Try therapy. Working with a therapist is Sullivan’s number one tip. “Moms need time—and one hour a week is a very small amount—to find the stillness to focus on themselves and to form a nurturing relationship to themselves.”
Honor your feelings. Often we think we should be better and should do better. Often we push ourselves, and berate ourselves. Often we dismiss our feelings, or get angry with ourselves for being angry, for being tired, for being upset. Because we think we should feel differently. Because moms supposedly don’t have needs—or we aren’t supposed to attend to them.
Instead, “Acknowledge difficult moments and painful feelings with kindness and without judgment,” Basch said. Process them, and be patient with yourself (like you’d be with your child). Today was really hard. I feel lost. I don’t feel like myself. I feel sad. I’m frustrated. I’m not a robot, so it’s understandable that I’m tired, and can’t get everything done. I am doing the best I can right now.
Focus on your marriage. Your relationship with your spouse is the foundation of everything, Sullivan said. Which is why it’s vital to focus your energy on your marriage. She underscored that this isn’t for your partner; it’s for you. “[Mom] needs a deep, fun, alive, supportive adult relationship with her kid’s other parent; it is for her own sanity and nurturance.”
Make time for date nights. Play together—whether it’s Scrabble, a snowball fight, a dance class or a bike ride. Check in with each other, genuinely asking, how are you? Create rituals at home, which might include drinking tea and talking after the kids go to bed every night.
Be proactive. Basch suggested asking yourself: “What are things I can do each week which make me feel mentally well, rather than what do I need to do now that I feel unwell?” What refreshes you? What inspires and uplifts you? What genuinely relaxes you? What are your needs currently? How can you meet them right now or this week? What helps you to feel healthy? What helps you to feel the way you want to feel? For instance, Basch’s clients journal, take long lunches, spend time in nature, meditate and savor alone-time.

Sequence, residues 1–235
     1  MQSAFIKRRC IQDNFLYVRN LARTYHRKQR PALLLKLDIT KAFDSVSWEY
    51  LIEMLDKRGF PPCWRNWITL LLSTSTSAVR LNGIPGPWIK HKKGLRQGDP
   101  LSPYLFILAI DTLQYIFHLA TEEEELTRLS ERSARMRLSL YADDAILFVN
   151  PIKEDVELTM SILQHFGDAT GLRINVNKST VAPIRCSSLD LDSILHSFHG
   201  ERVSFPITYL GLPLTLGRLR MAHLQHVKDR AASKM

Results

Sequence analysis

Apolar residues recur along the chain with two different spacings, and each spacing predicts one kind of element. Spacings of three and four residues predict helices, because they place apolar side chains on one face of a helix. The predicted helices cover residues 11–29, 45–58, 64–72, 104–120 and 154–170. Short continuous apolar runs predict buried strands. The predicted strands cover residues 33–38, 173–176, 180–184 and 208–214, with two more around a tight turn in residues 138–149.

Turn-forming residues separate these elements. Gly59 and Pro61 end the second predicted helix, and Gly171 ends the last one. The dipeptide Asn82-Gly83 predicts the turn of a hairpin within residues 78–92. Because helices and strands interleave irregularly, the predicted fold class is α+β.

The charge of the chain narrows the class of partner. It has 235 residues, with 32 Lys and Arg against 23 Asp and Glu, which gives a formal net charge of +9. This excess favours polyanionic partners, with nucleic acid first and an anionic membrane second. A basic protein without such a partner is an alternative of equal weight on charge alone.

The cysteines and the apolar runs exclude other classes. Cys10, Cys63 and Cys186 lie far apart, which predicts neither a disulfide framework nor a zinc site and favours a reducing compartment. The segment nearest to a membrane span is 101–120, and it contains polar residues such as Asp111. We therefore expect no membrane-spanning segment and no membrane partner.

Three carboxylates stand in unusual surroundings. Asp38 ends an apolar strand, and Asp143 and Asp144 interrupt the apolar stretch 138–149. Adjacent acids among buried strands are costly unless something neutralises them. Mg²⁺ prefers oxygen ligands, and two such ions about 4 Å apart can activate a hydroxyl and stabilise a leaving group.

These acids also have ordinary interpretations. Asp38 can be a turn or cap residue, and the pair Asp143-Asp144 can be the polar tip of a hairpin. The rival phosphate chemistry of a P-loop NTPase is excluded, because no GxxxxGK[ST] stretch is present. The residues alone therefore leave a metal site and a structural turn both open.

Be mindful with simple activities. Pick a daily activity that doesn’t take much time or mental energy (e.g., brushing your teeth, drinking a cup of coffee), and do it mindfully, Basch said. Using your senses, tune into the activity, and bring your thoughts to the present moment.
(Bindeman suggested checking out these mindfulness apps: Insight Timer and HeadSpace.)
Focus on the breath. Basch recommends this to moms of new babies: Put your hand on your baby’s belly, and bring your awareness to its rise and fall. Bindeman suggested this breathing technique: “Inhale for a count of three, pause for a count of three, and exhale for a count of three. Repeat this cycle four times, and then re-evaluate if you would benefit from another round.”
Ultimately, remember that in addition to being mom and wife and worker, you are also a person. You are a person who has needs, important needs that deserve to be met. You are a person who requires rest and play. Because you aren’t a machine. You are a person. A multifaceted person. How would you like to honor that?
Tags: Archive, Clinicians on the Couch